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New Soot Limits Will Challenge Some SoCal Counties

The EPA’s new air quality standards reduce the amount of soot allowed in the air

Craig Miller/KQED

Soot comes from diesel trucks, industrial emissions and fires.

Two California counties are already behind the eight-ball with the Environmental Protection Agency’s proposed new limits on soot. San Bernardino and Riverside are the only counties in the country that the EPA projects will not be able to adhere to the upper limits of its new range.

Soot has been linked to asthma, heart attacks and strokes and it’s also a culprit in climate change. The nasty stuff, also known as black carbon, comes from smoke from fires, diesel tailpipes and industrial emissions.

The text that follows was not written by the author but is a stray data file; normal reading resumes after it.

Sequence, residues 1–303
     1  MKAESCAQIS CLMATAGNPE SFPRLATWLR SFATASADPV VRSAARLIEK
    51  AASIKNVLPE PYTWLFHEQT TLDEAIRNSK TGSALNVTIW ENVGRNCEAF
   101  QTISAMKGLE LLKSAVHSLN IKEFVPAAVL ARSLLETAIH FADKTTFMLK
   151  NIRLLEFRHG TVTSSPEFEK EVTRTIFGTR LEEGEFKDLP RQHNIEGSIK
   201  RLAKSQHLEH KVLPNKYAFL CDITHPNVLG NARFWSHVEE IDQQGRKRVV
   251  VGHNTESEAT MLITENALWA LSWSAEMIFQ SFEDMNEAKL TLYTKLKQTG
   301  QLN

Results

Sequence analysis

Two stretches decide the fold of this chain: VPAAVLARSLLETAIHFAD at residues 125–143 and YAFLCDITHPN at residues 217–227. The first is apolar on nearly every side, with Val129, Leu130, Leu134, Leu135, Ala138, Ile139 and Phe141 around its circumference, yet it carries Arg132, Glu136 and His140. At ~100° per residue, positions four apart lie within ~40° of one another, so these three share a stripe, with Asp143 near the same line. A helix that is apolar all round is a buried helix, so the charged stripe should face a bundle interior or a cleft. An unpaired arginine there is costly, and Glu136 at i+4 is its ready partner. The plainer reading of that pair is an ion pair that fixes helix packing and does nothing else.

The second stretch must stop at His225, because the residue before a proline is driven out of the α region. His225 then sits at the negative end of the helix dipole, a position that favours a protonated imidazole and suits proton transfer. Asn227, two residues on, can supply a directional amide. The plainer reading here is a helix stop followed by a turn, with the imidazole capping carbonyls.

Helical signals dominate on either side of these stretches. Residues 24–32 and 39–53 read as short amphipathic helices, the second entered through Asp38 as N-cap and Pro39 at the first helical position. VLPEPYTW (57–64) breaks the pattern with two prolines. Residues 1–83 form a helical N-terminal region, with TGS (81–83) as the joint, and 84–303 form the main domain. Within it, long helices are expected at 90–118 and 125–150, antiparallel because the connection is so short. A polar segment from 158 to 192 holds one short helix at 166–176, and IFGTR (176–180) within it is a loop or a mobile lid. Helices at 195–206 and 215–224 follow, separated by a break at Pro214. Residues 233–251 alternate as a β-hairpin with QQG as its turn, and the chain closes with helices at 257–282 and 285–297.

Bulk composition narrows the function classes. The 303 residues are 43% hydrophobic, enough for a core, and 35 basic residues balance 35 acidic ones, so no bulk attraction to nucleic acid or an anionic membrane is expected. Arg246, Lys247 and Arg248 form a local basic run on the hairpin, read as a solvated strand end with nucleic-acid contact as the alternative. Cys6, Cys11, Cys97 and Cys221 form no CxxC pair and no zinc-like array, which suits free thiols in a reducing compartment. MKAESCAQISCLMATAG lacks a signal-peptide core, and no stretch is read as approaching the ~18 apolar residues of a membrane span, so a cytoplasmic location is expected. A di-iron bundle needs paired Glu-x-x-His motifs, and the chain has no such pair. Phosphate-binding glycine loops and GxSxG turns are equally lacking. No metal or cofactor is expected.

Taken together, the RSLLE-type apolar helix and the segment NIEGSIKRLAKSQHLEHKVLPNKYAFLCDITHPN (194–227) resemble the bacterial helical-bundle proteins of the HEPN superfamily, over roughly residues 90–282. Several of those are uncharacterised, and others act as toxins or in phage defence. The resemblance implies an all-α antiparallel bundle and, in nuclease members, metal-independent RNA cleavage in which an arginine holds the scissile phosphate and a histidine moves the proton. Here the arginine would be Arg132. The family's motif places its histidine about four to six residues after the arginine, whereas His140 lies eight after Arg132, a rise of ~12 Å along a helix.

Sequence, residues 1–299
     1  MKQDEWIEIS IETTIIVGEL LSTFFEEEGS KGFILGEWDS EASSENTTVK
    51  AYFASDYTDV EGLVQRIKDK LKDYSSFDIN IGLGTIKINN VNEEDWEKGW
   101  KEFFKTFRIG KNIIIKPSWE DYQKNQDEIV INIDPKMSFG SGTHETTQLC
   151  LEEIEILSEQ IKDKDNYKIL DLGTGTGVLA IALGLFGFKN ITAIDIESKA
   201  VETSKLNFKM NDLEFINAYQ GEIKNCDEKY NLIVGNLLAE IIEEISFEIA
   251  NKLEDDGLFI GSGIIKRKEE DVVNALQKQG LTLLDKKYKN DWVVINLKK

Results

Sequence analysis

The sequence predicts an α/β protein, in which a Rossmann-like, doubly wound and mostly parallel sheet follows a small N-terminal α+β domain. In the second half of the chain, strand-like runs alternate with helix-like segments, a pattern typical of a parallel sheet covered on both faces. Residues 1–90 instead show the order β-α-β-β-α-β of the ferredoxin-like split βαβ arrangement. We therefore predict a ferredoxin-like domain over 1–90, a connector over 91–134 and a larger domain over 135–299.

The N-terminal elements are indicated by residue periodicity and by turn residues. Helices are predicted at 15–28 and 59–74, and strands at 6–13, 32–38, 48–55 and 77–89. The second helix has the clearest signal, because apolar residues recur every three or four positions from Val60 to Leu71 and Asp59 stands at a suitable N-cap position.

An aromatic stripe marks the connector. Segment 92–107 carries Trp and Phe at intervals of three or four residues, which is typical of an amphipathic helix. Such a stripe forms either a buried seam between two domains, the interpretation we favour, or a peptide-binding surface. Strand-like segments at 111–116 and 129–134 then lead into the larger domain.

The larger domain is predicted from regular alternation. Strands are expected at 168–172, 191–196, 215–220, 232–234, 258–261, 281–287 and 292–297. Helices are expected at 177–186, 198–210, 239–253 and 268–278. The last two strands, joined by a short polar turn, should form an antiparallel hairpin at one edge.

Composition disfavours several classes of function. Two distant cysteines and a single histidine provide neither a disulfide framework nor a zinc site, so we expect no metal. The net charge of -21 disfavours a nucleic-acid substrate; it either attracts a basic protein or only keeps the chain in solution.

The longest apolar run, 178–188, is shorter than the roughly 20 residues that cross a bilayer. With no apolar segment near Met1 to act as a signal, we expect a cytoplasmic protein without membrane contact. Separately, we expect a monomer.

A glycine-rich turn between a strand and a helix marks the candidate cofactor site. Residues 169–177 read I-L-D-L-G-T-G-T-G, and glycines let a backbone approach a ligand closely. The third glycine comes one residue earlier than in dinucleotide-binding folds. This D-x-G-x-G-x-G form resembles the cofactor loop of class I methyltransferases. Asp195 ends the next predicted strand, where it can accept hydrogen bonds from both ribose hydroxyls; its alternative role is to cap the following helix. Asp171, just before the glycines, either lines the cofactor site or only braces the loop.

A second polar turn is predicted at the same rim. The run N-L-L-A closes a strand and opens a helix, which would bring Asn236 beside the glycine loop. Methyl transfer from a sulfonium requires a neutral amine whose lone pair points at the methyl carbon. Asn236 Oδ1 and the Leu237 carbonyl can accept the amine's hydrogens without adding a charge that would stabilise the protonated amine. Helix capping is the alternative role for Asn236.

The Environmental Protection Agency is proposing an update to its national air quality standards, which seeks to lower the amount of soot in the atmosphere. The new rule would limit the annual exposure to fine particle pollution to between 12-and-13 micrograms per cubic meter. The current standard is 15 micrograms per cubic meter.

The New York Times’ Green blog writes that the EPA had delayed issuing the politically volatile proposal until it was ordered to by a federal court judge. California was one of the states that challenged the delay: Continue reading